…[South Middlesex Opportunity Council] filed suit in federal court this week demanding damages not just from town officials, but from citizens who have dared criticize the agency and challenge its plans.
SMOC’s 99-page complaint [which alleged violations of the Fair Housing Act, federal Rehabilitation Act, Americans With Disabilities Act and Civil Rights Act — ed.] piles up charges against selectmen and planning board members not just in their official capacity, but as individuals. It targets town employees, both named and unnamed. It calls for damages against four Framingham Town Meeting members and two citizens for comments made on a private Web site and e-mails distributed on a privately-operated mailing list.
The ACLU of Massachusetts expressed unease at the naming of private citizens as defendants over their advocacy efforts. While the lawsuit has been narrowed somewhat in the two years since then, it continues to engender much acrimony as it drags on:
Aggravating the ill will is a recent revelation that a man charged with shooting a local police officer had lived in a home run by the agency, the South Middlesex Opportunity Council, or SMOC.
Hans Bader points out that a very important motivation for the pending expansion of federal hate-crimes law is to exploit a loophole the Supreme Court has created in its application of the important Constitutional principle, by exposing defendants to jeopardy a second time despite acquittal or dropping of charges in state courts.
- Pajamas TV interviews me on Obama cabinet prospects (RFK Jr., Caroline Kennedy, Schwarzenegger, Gorelick, etc.) (Nov. 13, subscription-only)
- Federal court in New Orleans hits attorney with five-year practice suspension after “intentionally contemptuous” filing and other misconduct [Times-Picayune, Ashton O’Dwyer]
- Lawyer sues his straying wife for giving him herpes, but her lawyer says a test proves she doesn’t have the malady in the first place [Above the Law]
- Doctors (e.g.) being put through hostile depositions are often tempted to talk back sharply to the lawyer. Bad move, says Ronald Miller [Maryland Injury]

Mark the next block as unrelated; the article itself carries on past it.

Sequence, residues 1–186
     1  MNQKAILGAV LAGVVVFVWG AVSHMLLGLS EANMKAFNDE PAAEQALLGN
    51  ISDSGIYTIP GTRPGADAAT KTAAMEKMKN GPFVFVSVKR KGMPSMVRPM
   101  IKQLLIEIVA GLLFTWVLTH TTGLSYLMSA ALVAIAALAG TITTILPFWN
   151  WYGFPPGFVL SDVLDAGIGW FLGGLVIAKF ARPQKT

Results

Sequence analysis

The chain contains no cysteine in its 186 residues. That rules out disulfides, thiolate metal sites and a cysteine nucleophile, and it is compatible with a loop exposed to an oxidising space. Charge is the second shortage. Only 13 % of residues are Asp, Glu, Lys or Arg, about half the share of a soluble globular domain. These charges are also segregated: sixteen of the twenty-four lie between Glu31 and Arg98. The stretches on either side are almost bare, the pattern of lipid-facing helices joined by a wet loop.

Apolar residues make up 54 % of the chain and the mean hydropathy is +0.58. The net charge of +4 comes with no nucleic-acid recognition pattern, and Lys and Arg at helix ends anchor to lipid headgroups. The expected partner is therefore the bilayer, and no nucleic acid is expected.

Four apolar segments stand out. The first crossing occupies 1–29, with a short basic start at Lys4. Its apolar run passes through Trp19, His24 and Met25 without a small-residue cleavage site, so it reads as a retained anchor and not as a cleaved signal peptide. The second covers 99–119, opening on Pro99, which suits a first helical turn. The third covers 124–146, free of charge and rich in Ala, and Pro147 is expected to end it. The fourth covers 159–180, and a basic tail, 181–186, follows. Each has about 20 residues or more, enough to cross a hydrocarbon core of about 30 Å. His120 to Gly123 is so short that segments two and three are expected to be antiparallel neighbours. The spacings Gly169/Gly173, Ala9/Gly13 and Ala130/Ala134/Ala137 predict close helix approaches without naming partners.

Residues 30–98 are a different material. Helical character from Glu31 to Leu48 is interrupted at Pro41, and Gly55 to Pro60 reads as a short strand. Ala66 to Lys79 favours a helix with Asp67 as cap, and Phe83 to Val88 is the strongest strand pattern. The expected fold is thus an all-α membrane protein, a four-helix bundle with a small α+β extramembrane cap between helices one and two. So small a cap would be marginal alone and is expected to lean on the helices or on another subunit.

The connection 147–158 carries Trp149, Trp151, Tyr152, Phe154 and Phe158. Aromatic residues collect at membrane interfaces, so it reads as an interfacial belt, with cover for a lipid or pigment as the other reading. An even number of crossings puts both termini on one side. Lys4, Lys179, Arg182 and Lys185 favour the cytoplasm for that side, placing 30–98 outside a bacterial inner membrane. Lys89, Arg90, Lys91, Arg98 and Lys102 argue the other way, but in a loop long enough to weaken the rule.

- It’s a shame most of the press remains incurious about that episode a few days ago in which talk of compulsory national service appeared, then vanished from the Obama site [K. Ryan James]
- Batting cage pitching machine without prompting hits customer in most sensitive part of male anatomy, he collects $1.2 million [The Big Lead]
- ACLU will defend preacher sent to prison on parole violation charge after writing “God will smite this judge” newspaper article (having earlier been convicted of election misconduct)[AP/FoxNews, western Michigan]
- On appeal, Long Island attorney beats charges of coaching clients to fake injury and using “steerers” to gain business [NYLJ]
After much discussion in the blogosphere this story would seem more than ready to cross over into mainstream-press coverage; here’s a local columnist who says he left three messages with attorney Clifford Shoemaker but got no response (Dave Brooks, “What a Web of actional links we can weave”, Nashua Telegraph, Apr. 9)(via Liz Ditz/I Speak of Dreams’ ongoing list monitoring coverage).
Update 5:30 p.m.: Here’s James Taranto at WSJ Best of the Web, giving just the shove the story may need:
It might behoove the ACLU, or some organization devoted to civil liberties, to devote some resources to figuring out how to defend speech that is inconvenient to plaintiffs lawyers.